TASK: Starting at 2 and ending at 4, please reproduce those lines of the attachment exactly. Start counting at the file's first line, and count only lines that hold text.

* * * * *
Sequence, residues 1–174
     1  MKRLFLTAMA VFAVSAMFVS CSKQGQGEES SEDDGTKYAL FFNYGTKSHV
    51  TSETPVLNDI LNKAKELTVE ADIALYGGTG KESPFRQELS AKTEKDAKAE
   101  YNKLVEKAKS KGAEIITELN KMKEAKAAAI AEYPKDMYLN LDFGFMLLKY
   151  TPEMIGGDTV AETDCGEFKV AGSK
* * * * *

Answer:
     1  MKRLFLTAMA VFAVSAMFVS CSKQGQGEES SEDDGTKYAL FFNYGTKSHV
    51  TSETPVLNDI LNKAKELTVE ADIALYGGTG KESPFRQELS AKTEKDAKAE
   101  YNKLVEKAKS KGAEIITELN KMKEAKAAAI AEYPKDMYLN LDFGFMLLKY